LONDON -- Fitch Ratings on Thursday downgraded Egypt's debt grade by one notch, the third major agency to do so in as many days, citing the violent protests' consequences for the economy and public finances.
Fitch, whose downgrade follows similar moves this week by Moody's Investors Service and Standard & Poor's, warned that a continuation in the violence between pro- and anti-government protesters could lead to another ratings cut.
"The downgrade reflects the significant intensification of unrest, at the start of what is likely to be a volatile transition to a new government, and the increasingly negative consequences for the economy, public and external finances of the continuing disruption," said Richard Fox, head of Middle East and Africa Sovereign Ratings at Fitch.
He noted there remains a large gap between protestors' demands and the government's position on political reform, "which risks the political and economic situation deteriorating further before a resolution is agreed."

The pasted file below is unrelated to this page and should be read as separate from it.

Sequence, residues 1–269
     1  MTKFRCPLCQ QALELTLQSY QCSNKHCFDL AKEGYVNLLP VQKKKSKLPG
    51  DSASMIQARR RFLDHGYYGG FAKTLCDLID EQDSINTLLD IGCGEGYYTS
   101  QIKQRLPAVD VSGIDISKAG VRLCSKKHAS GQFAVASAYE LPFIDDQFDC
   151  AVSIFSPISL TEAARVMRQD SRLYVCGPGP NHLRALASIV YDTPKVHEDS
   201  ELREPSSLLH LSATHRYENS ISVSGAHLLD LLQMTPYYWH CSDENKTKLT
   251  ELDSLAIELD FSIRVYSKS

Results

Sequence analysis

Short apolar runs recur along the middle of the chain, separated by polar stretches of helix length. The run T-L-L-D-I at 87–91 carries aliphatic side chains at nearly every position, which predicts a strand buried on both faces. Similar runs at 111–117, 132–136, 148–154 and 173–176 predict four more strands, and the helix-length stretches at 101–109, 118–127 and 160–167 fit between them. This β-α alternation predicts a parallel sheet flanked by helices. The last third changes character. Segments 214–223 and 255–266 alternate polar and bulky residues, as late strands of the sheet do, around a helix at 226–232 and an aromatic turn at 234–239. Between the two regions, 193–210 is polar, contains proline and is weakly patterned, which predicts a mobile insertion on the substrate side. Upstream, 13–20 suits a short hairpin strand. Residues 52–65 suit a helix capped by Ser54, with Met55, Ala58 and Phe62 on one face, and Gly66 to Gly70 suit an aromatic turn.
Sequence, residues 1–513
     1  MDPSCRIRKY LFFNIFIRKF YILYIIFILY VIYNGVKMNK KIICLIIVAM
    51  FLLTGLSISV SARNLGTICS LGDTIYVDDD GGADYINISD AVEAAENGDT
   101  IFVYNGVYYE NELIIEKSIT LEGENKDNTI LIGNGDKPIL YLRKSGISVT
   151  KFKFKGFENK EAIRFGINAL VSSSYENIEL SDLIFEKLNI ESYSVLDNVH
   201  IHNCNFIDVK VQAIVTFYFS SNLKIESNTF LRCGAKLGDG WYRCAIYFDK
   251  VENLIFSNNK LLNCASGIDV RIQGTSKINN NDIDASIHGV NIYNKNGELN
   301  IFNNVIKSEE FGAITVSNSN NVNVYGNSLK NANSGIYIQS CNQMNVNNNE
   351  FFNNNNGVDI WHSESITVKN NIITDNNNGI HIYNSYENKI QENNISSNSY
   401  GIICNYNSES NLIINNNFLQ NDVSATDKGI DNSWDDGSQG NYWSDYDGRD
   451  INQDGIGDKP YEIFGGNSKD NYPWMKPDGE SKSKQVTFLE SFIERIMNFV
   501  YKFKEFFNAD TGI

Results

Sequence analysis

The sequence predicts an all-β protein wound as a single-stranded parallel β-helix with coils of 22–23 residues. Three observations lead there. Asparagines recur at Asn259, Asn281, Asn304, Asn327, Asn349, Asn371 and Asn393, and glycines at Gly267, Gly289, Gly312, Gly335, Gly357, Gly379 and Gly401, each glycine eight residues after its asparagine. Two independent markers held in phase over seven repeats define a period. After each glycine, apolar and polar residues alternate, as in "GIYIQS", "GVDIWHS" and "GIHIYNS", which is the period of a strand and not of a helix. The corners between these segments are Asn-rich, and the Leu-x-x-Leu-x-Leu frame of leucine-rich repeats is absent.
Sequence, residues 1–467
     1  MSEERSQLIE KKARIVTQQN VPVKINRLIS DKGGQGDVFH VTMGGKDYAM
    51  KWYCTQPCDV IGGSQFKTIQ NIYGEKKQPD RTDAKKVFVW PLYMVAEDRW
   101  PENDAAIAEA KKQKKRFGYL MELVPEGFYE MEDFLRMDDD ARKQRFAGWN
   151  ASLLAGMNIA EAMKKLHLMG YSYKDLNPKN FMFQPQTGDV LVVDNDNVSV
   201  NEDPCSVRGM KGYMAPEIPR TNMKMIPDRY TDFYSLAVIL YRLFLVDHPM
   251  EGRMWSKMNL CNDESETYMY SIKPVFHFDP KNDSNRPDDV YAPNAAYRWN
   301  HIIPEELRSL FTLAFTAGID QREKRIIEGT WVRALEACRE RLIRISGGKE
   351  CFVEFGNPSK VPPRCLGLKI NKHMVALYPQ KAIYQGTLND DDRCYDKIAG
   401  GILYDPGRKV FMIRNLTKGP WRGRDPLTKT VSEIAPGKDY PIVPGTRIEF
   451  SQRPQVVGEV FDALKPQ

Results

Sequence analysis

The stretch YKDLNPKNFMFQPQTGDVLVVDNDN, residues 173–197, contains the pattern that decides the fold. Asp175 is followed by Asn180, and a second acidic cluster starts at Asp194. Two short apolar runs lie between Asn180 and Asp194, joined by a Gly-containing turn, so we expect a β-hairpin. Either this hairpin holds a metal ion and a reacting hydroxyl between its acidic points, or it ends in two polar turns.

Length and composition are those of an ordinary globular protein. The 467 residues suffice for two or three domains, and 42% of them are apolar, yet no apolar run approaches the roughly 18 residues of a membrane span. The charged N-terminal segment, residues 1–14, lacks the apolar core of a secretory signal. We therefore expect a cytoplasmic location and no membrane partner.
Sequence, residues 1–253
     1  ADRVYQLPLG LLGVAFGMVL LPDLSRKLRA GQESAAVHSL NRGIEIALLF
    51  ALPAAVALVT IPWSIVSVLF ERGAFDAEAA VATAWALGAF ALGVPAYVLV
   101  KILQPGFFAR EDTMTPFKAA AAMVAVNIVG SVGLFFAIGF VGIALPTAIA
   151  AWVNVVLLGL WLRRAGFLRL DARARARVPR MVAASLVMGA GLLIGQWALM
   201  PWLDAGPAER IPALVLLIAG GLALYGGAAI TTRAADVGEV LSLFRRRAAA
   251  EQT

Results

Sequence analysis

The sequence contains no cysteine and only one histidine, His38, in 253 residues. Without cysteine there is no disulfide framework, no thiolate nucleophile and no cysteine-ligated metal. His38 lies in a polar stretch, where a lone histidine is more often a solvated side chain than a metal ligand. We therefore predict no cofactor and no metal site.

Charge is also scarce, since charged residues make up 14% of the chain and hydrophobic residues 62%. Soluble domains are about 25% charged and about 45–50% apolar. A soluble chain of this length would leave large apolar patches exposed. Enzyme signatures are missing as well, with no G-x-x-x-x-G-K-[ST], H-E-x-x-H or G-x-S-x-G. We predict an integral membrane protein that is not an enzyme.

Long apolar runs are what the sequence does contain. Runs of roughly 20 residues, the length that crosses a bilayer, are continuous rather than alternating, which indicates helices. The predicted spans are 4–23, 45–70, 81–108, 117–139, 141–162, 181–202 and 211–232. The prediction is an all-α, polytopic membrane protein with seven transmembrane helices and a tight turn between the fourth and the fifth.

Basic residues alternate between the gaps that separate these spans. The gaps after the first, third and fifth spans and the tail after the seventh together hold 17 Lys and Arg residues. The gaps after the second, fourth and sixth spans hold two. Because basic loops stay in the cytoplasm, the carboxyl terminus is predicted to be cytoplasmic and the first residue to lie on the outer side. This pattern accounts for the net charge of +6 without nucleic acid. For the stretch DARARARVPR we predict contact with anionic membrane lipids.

Fitch's report noted that Egypt's economy has already suffered from the turmoil, and that business activity will fall sharply and unemployment will rise.
It also warned that the economic impact could be even more severe if investors start to pull out capital and households and companies decide to pull their money out of the banking system.
Fitch lowered Egypt's long-term foreign currency issuer default rating to BB from BB+ and the long-term local currency rating to BB+ from BBB-.